1. Allow some flexibility in how the new organisational model is implemented.
    In 50% of cases, re-organisations fail to deliver as planned because managers resist the lack of flexibility. Companies that allow managers some flexibility in deciding how the changes are implemented — ideally based on a solid business rationale — are far more likely to succeed.
  1. Communicate the changes as quickly — and humanely — as possible.
    In everyday reorganizations, face-to-face communication has a much greater correlation with success than communicating via email. However, during a re-organisation process that needs to be done swiftly to face a crisis, electronic communication is actually far more likely to correlate with success — probably because in a fast-moving situation, employees would rather receive news quickly than be left in the dark. Ultimately, the most important thing for leaders to remember is that re-organisational efforts are not only about numbers — they’re also about people. Friends and colleagues will lose their jobs. You have a duty to treat them fairly and sympathetically, and your remaining workforce will judge you on how you handle the situation. A better approach is to tell all employees what is happening and why, and then have managers or HR people who know the people affected speak to them directly. Even when changes happen quickly, employees need to understand why, when and how they will happen.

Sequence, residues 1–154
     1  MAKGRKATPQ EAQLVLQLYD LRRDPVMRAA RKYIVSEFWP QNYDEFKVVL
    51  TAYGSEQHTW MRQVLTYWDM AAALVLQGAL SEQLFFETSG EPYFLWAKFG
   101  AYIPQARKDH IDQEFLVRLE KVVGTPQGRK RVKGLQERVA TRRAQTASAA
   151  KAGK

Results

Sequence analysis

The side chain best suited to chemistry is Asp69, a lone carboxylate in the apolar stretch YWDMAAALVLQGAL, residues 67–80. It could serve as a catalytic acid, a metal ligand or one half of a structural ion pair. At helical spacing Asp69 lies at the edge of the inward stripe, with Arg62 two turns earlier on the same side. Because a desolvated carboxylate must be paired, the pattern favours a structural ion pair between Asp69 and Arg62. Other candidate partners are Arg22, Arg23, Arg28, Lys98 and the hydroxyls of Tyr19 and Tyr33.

1. Create a positive feedback loop.
    It is unrealistic to expect a re-organised company to work perfectly from the beginning. You have to live with it and digest it and rapidly correct things when you find issues. Companies that have formal mechanisms for feedback (such as managers escalating issues, staff surveys, or a formal review 3-6 months after completion) are much more likely to be successful in their re-organisational efforts, as those re-organisational efforts without a clear processes for escalating issues are most likely to fail.

Delivering organisational change is never easy. Doing so in response to a crisis is even more difficult. The least you need to to fall in the above mentioned common pitfalls, to decrease further your chances of succeeding at any needed re-organisation of your business.

At EMCS we specialise in helping business clients have a professional review of their business to identify what structures, cultures and processes are helping them or hindering them, whilst working them to identify what changes are swiftly needed in their organisational setup. In many instances we end up managing the change process to have external discipline included to keep things on tracks. We sometimes also augment this with any needed training to give new perspectives and insights on what working methods and internal cultures need to change to have the company achieve a better performance and operational resilience. Malta Enterprise should should launch the much needed Business Re-Engineering Scheme to help finance any needed re-organisational efforts. Feel free to contact me on silvan.mifsud@emcs.com.mt for a chat.